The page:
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The closing line in the film “Schindler’s List” should be familiar to many Muslims. As Oskar Schindler prepares to flee from the advancing Allied forces, the Jews he saved present him with a ring bearing an engraving from the Talmud: “Whoever saves one life saves the world entire.”
It is a signifier that one can never repay the debt of life. There is a similar line in the Quran: “Whoever saves a life it is as though he had saved all mankind.”
The White Helmets in Syria, the brave volunteers who waded into the midst of air raids and artillery strikes to save people from the rubble, adopted it as their motto. I heard this verse as a child when I asked my parents why they chose medicine as their vocation.
That verse echoed through my mind as I read the piece we published this week in New Lines by Ümit Kurt, a historian of the modern Middle East and Polonsky Fellow at the Van Leer Jerusalem Institute. The piece profiled Ottoman naval Lt. Cemil Bahri Kunneh, whom the essay dubbed the Ottoman Schindler, and who saved around 2,000 Armenians from deportation and certain death during the genocide in 1915-1917.
Kunneh was born in Aleppo in 1892. His father was from the village of Kurdan in Jendires, a Kurdish settlement unit that is part of the Afrin region located in the northwest of the Syrian province. His mother, Emine Ali, was from Hopka, a village connected to the Rajo region. Kunneh was 4 when his father died, and his mother raised him by herself.
In 1912, with the outbreak of the Balkan Wars, Kunneh was enlisted in the Ottoman army and rewarded for his bravery in battle. He was later assigned to Birecik, part of Urfa, in the Great War as the Armenian deportation and genocide ensued. There, he served as the manager of a maritime workshop, building military transport vessels for Turkish troops on the Euphrates River.
It was there that Kunneh’s most enduring legacy was forged. He employed many Armenians who were destined for exile and certain death as they marched through the Syrian desert, where around a million people died. Kunneh continued to do so despite a standing order from the ruling Committee of Union and Progress (CUP) to execute any Muslims who protected the Armenians. Later, when Allied forces occupied Turkey after the war and pledged to pursue the war criminals who had ordered and abetted the genocide, the Armenians he rescued wrote a letter testifying to Kunneh’s bravery in protecting them.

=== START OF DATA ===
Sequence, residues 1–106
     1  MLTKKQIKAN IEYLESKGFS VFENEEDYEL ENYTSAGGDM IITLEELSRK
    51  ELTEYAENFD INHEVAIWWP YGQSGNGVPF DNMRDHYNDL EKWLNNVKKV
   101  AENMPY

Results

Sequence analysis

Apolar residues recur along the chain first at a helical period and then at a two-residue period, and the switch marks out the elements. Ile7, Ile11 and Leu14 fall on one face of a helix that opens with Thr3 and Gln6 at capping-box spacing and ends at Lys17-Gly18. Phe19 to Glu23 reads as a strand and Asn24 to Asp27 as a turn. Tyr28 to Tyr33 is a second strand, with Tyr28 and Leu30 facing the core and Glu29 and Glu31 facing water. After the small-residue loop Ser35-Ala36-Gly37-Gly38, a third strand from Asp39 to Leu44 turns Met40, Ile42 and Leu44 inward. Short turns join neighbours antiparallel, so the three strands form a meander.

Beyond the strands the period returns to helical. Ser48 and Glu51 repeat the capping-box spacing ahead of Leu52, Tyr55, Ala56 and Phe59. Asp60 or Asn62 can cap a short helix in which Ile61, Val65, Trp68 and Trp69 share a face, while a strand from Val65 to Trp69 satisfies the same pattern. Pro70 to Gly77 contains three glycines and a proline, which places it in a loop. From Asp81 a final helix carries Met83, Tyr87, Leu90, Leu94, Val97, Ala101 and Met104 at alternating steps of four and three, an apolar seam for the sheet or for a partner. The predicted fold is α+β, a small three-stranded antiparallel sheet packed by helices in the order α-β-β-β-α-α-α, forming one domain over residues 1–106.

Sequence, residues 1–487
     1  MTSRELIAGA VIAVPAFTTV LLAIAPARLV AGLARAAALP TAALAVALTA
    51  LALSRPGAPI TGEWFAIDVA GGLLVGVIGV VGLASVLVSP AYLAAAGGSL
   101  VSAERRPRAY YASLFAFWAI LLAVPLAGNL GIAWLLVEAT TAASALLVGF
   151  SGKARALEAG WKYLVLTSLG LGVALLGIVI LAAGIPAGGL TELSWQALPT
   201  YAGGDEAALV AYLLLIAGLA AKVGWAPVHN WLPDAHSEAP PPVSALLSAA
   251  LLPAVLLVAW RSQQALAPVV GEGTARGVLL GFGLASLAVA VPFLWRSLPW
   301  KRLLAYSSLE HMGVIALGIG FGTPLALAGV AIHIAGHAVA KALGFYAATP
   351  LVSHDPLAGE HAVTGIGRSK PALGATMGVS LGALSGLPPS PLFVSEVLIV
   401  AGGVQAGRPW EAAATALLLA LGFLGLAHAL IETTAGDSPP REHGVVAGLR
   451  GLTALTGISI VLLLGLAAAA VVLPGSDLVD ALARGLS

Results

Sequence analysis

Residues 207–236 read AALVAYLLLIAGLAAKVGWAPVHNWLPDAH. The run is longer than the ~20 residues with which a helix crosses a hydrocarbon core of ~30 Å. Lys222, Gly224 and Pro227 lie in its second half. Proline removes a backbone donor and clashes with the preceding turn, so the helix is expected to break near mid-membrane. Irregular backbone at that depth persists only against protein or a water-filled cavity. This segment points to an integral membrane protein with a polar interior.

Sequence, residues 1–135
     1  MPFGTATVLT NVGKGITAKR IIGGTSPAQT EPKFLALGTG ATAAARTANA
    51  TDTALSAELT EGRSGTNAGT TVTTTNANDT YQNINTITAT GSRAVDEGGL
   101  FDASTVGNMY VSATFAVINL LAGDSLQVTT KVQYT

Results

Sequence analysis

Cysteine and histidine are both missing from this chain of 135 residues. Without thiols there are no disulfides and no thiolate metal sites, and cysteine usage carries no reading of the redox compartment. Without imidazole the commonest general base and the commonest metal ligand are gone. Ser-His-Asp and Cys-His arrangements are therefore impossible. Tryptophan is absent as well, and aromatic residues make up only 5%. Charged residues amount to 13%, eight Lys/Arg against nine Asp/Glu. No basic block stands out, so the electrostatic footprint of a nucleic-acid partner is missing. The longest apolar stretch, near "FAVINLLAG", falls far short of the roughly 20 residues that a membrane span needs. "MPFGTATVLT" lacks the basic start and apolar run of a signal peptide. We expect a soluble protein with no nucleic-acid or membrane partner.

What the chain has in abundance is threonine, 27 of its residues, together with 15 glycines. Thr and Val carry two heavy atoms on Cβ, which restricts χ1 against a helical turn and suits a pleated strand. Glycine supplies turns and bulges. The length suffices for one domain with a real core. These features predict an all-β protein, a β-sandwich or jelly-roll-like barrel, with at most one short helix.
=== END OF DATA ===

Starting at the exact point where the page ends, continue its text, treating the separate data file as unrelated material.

Little is known of Kunneh’s heroism today because the genocide is mired in controversy in Turkey. And he was a hero. Kunneh chose to not participate in this collective crime and not share complicity. He resisted group pressure, fear of ostracization and even death, and the imperative to obey authority and the orders of his superiors. But there are no movies or books commemorating his deeds.
What inspires ordinary people to such acts of courage? Kurt looks for some clues in Kunneh’s background as a Kurdish Arab, a member of an ethnic minority himself. Kunneh married Dikranuhi Gullizian, whose father, a prominent clergyman in the Aintab Armenian community, and sister were victims of the genocide. Kunneh met Dikranuhi at the start of the genocide when deportations were underway. She was fleeing with her mother and younger sister first to Cerablus (now named Karkamış) and eventually ended up in Birecik. Dikranuhi encouraged Kunneh to hire numerous Aintab Armenians, including Hagop Muradian, at the workshop in Birecik.
Kurt adds: “His Kurdish Arab ethnic background also likely played a pivotal role in his efforts to rescue the Armenians under his jurisdiction. Historically, Ottoman Kurds and Arabs were oppressed and treated unequally by the central authorities within the empire vis-a-vis Turkish people in numerous eastern, southeastern and Arab provinces. This created a sense of sympathy and empathy among these two ethnic groups toward Armenians. Kunneh was affected by that.”
It is gratifying to read about such courage and heroism under duress. Whatever the impetus, odes should be sung for it in celebration. Kunneh, like Schindler, is the personification of the better angels of our nature.
Through the lives he saved, he also saved humankind.
From this week (March 28 – April 1, 2022)
In Kurdish Turkey, the Birds Have a Hotel | Read more
Podcast | The Middle East in the Midst of the Ukraine War | Listen here
A Rural Crime Wave in Nigeria | Read more
Simplistic Reporting on Arab Leaders Can Do More Harm Than Good | Read more
Lviv Prepares for More War While Sheltering Refugees | Read more
Inside Ukraine’s Psyops on Russian and Belarusian Soldiers | Read more
Restoring Glory to a Baltimore Neighborhood | Read more
The Saudis’ Religious Legacy | Read more
A Schindler for the Armenians | Read more